READY FOR INTA 2023 IN SINGAPORE?
by Liwei Tang
We are excited that the INTA Annual Meeting is coming to Singapore next May and getting to know the city where INTA will be held is one of the keys to a successful conference. Members from our office in Singapore have provided recommendations that may go some way to make your conference successful, fun, and yummy. For this week’s post, we would like to share our member of the firm, Liwei Tang’s best five recommendations for outdoors activities you’d better try when visiting Singapore during INTA (and generally):
* Hiking at the Southern Ridges
The Southern Ridges is probably the most popular hiking trails in Singapore. No matter whether you are walking enthusiasts, history buffs, nature lovers, or families, you are going to love this trail. It is a 10-km long connector linking parks along Singapore’s south that you may be stopping by and exploring, like Mount Faber Park, Telok Blangah Hill Park, Hort Park, Kent Ridge Park and Labrador Nature Reserve. You can start your journey at the National University of Singapore and walk all the way down to Harbourfront MRT station. Highlights of the Ridges are the Henderson Waves, which is one of the best spots to enjoy panoramic views of the city and harbour, and the Forest Walk and Canopy Walk to observe a large variety of flora and fauna. Lastly but most importantly, you can make great photos here.
*Biking around Pulau Ubin
If you want a getaway from the hustle of city life, Pulau Ubin would be one of the best places you can go as it is one of the last areas in Singapore that is free of urban construction. A 10-minute bumboat ride from the Changi Point Ferry Terminal will take you there. You’ll catch a glimpse of what Singaporean life was like back in the 60s. There is no public transportation on the island so biking is the best way for you to explore the island. The most popular site is the Chek Jawa wetlands where you can observe several distinct ecosystems. Enjoy charming kampong life.
* Kayaking at MacRitchie Reservoir
MacRitchie Reservoir is not only known for cross-country runs, nature trails and the TreeTop Walk, but as one of four reservoirs that make up the Central Catchment Nature Reserve is also one of Singapore’s most serene spots for kayaking. You can observe beautiful, natural scenery while kayaking in MacRitchie Reservoir.
* Meeting inhabitants at Sungei Buloh Wetland Reserve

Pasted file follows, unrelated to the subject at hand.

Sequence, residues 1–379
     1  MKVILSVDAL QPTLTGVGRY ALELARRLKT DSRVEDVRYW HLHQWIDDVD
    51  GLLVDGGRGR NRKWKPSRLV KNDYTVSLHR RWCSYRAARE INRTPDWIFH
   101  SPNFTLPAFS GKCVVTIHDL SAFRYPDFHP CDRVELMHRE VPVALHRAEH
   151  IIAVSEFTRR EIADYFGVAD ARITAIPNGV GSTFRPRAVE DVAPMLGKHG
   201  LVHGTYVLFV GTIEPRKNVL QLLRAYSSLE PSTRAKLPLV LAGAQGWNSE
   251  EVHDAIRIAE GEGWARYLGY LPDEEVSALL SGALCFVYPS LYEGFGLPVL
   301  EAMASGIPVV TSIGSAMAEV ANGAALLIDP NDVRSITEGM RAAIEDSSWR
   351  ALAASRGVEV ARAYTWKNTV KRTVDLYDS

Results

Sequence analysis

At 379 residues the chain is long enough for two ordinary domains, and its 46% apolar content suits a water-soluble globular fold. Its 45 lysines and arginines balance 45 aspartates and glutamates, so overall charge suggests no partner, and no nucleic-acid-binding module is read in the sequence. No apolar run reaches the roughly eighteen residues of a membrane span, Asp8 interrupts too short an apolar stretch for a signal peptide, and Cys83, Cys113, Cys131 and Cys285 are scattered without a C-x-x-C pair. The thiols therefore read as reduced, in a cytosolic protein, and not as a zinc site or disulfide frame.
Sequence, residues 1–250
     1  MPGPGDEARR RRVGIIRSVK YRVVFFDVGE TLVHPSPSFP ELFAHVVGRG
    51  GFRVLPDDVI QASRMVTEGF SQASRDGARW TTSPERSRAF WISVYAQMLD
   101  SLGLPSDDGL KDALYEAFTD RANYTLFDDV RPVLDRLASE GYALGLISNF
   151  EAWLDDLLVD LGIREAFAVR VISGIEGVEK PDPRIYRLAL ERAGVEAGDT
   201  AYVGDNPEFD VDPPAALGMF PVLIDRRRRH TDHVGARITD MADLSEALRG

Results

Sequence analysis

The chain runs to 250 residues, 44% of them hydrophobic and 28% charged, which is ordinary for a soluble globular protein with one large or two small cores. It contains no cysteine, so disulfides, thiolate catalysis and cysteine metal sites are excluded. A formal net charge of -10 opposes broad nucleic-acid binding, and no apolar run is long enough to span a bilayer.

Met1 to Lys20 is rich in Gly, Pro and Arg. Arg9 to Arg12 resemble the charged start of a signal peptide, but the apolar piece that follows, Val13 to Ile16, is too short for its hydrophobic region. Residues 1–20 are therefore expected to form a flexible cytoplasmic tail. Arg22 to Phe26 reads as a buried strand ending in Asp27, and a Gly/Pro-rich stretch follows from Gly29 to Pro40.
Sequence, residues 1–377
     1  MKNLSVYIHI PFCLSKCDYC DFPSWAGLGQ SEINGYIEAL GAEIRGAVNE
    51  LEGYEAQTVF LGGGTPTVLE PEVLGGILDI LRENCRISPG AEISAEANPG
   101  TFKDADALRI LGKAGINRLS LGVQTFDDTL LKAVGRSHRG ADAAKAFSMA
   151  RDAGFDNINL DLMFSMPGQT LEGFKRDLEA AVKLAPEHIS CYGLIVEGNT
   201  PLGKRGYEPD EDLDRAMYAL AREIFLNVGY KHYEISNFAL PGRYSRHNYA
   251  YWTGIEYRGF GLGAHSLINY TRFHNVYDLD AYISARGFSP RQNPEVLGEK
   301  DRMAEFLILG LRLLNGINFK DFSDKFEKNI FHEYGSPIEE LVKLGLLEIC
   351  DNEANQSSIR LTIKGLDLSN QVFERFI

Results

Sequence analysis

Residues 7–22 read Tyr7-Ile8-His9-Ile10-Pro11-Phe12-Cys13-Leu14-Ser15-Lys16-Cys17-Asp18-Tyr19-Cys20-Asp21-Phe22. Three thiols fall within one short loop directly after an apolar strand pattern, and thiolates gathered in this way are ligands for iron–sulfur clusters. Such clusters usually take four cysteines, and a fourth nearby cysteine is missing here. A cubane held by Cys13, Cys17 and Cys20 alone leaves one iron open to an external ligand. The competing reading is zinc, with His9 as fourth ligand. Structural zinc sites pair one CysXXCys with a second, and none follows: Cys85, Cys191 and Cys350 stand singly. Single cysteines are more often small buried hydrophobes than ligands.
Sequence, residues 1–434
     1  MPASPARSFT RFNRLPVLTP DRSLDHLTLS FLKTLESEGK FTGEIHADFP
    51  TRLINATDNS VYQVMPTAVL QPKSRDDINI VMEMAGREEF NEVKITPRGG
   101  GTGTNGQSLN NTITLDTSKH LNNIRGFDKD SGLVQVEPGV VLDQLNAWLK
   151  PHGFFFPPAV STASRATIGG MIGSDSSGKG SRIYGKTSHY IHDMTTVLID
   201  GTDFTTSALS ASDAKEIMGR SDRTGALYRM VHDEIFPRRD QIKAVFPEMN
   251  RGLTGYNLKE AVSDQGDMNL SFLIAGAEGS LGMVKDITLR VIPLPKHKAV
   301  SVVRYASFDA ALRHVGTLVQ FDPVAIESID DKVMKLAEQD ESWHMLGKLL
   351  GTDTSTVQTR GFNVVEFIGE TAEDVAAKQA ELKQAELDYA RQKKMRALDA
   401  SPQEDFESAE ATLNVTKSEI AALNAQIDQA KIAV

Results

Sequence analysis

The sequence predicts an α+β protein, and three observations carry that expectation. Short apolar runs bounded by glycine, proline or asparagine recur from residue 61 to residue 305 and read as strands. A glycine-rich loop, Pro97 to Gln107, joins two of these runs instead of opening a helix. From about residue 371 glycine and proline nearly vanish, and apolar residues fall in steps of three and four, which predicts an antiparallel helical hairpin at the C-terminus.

The Sungei Buloh Wetland Reserve situated north of the Singapore, is home to over 150 species of rare and exotic birds. It is the largest mangrove forest in Singapore with wetlands, mudflats and ponds. The Coastal Trail (1.3km) features views of the ocean while the Migratory Bird Trail (1.95 km) is perfect for bird-watchers. The various habitats give rise to rich biodiversity — macaques, monitor lizards, and even crocodiles! As you trek through this ecological wonderland, you’ll be greeted by its native inhabitants, which include otters, kingfishers and sunbirds. While during the migratory season, you’ll be able to catch migratory birds escaping the cold on their way to the warmer climes of Australia including plovers and sandpipers.
* Chilling out at East Coast Park
With so many sporting, entertainment and dining attractions packed into this 15 km stretch of scenic coastline, East Coast Park is a fabulous place for families and sport lovers. You’ll never run out of things to do like cycling, rollerblading, cable skiing and water sports. It’s a great place to just sit back and relax too, enjoying sea breeze, having a picnic, taking drinks at bars or café along the beaches. Whatever you choose to do, there’s no better way to end the day than with hearty local fare at the East Coast Food Lagoon, where you can feast on local favourites like satay (grilled meat skewers) or seafood right on the beach.
Have your own insights about best outdoor activities in Singapore? Share with us!
For more information about INTA, check out https://www.inta.org/
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